Fighting for political life, UK PM Sunak calls election from weak position

Rishi Sunak visit to Austria

By Elizabeth Piper

LONDON (Reuters) - Frustrated at his inability to get a clear message across to British voters, Prime Minister Rishi Sunak called an election on Wednesday from a position of weakness.

Sunak, 44, heads into the election far behind the opposition Labour Party in opinion polls and increasingly dependent on a small team of advisers to steer him through what is set to be an ugly campaign.

He is struggling to assert control over his governing Conservative Party, with some lawmakers already discussing who will replace him after what many see as an inevitable election defeat.

Some party members say his tenure as prime minister has been marked by missed opportunities. Others that he was the wrong man for the job, more technocrat than leader.

One Conservative insider said he had become increasingly distant. "His team often just leave him alone in his office, he likes to have his own time," they said, on condition of anonymity. "His default is to tell people they're just wrong - his advisers and MPs alike."

It all seemed so different when the former investment banker and finance minister took office less than two years ago, inheriting an economy in crisis after financial markets balked at the under-funded tax and spending plans of his predecessor Liz Truss's short-lived premiership.

As Britain's fifth prime minister in eight years, Sunak was initially credited with restoring some stability with his focus on fiscal prudence, a less antagonistic attitude to the European Union and his success in restoring a power-sharing government in Northern Ireland.

But with many of the problems he has tried to tackle blamed on his own party, which has been in power since 2010, he has struggled to define what he stands for. More a stickler for detail than a big picture man, said one Conservative lawmaker.

Many of his manifesto commitments were drawn up by Boris Johnson, whose departure as prime minister in 2022 left the Conservative Party deeply divided and lurching to the right.

At a meeting of his parliamentary party in March, Sunak tried to rally lawmakers with the refrain that they were facing the "fight for our lives", but then quickly blamed a small coterie of members for "hurting everyone else", according to a lawmaker present at the meeting.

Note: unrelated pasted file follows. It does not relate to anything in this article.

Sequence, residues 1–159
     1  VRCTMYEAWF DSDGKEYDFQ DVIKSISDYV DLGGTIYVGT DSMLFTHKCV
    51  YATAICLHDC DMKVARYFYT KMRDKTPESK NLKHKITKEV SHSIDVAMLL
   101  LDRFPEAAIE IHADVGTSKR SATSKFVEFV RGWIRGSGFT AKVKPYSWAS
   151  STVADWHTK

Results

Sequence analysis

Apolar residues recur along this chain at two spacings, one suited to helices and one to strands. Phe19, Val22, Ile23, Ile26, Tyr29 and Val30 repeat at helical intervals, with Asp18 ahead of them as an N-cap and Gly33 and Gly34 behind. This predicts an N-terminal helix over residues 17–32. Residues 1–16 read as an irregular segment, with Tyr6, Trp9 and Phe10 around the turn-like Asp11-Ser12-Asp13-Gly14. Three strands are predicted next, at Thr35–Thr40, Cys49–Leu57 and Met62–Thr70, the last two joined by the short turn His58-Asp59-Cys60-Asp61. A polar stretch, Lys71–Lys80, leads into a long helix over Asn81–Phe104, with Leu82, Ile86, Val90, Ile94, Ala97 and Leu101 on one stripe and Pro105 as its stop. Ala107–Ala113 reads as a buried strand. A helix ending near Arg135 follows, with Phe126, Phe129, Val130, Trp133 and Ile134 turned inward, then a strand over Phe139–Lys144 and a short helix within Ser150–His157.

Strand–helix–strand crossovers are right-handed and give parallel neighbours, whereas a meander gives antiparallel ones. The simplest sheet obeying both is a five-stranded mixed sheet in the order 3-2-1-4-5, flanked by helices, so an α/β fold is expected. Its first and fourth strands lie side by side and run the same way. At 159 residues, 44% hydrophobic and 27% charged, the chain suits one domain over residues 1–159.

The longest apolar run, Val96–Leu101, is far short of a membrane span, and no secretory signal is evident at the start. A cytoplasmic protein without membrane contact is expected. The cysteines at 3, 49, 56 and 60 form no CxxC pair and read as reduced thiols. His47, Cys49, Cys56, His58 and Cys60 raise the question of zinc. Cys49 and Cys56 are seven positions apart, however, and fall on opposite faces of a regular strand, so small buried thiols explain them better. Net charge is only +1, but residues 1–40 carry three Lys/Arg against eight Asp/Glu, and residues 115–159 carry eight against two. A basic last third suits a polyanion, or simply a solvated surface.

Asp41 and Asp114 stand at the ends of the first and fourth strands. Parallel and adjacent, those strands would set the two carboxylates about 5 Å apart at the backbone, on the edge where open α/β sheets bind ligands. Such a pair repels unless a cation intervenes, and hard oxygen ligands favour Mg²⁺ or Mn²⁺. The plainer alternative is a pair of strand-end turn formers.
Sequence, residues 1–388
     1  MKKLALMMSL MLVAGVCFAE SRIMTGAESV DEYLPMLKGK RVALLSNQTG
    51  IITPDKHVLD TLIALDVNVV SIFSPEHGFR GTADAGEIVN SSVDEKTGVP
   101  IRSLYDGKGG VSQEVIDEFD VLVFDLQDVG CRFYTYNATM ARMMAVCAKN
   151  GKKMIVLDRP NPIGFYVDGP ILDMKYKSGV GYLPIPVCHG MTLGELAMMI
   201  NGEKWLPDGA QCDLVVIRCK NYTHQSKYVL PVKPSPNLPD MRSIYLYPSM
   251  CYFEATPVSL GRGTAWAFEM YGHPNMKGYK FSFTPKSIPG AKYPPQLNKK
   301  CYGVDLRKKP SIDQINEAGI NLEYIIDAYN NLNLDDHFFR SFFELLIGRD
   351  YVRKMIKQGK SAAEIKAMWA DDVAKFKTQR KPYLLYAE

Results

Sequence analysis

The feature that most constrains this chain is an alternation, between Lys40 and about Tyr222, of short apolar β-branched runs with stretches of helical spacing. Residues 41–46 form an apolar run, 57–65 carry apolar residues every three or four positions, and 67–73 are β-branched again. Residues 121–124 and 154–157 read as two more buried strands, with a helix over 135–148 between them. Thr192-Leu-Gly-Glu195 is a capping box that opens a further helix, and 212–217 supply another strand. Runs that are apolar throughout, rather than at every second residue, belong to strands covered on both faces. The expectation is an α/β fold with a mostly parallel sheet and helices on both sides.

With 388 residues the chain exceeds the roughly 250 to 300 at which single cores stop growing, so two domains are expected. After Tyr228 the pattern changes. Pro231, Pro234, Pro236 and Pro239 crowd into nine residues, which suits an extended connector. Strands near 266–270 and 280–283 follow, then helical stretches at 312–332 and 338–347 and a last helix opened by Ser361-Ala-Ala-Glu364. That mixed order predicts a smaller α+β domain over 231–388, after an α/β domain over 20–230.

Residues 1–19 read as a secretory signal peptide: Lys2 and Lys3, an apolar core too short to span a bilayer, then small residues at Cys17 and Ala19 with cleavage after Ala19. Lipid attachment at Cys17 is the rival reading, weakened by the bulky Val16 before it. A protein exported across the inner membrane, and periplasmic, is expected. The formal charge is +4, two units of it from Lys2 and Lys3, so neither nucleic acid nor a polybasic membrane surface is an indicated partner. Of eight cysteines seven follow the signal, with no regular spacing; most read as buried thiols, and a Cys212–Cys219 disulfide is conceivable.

Sunak has tried several times to turn around the party's fortunes by recasting himself as a bold reformer, a stable technocrat and now someone who will "stick to the plan" rather than go "back to square one", a place where, he says, Labour will take Britain.

Two tax cuts in the last year failed to move the polls.


When he replaced Truss after her chaotic 49 days in power in the autumn of 2022, he faced what some politicians said was the most difficult economic and political inheritance of any prime minister since World War Two.

The financial markets were spooked, debt levels were rocketing and his party was deeply split over which way it should turn to try to win over voters increasingly frustrated with the Conservatives' melodramas.

He reappointed veteran minister Jeremy Hunt as his finance minister, restoring some confidence to the markets and some of the party's reputation as a safe pair of hands on the economy.

Britain's youngest leader in modern times wanted to focus on delivery before the election, but some of his party colleagues say an obsession with detail often hampered quick decision-making.

Continual sniping from disenchanted Conservative lawmakers has done little to reduce a sense of frustration in Sunak's 10 Downing Street office that he has not been given the credit he deserves for what supporters see as his successes.

As party strains worsened, Sunak became more frustrated and isolated, surrounding himself with aides who had worked with him since he was finance minister.

"It's a mess there (at Number 10)," said one aide on condition of anonymity earlier this year. "Sunak is in a bunker. The focus is meant to be on delivery but getting decisions is very difficult."


Sunak, born in the southern English port city of Southampton in 1980 to Hindu parents of Punjabi Indian descent, is married to the daughter of an Indian billionaire and is one of the wealthiest politicians in Westminster.

Some critics say his vast personal wealth and elite, expensive education means he cannot relate to the problems faced by many people in Britain.

Voters are struggling with a cost-of-living crisis, the country's health service is facing some of the biggest challenges in its history and other infrastructure is in disarray.

Sunak is also under fire over several issues the right wing of his party feels he has done little to resolve - stopping migrant arrivals across the Channel, cutting taxes significantly and challenging what they see as a "woke" agenda in public life.

After weathering attempts to remove him, Sunak, whose approval ratings are even worse than those Truss had, enters the election with the hope that he can at least stem the haemorrhaging of support from the Conservatives.

"They used to say we (the Conservatives) have a narrow path to victory, but now it's so narrow you can't see it," said one Conservative lawmaker on condition of anonymity.

(Reporting by Elizabeth Piper; Editing by Alex Richardson)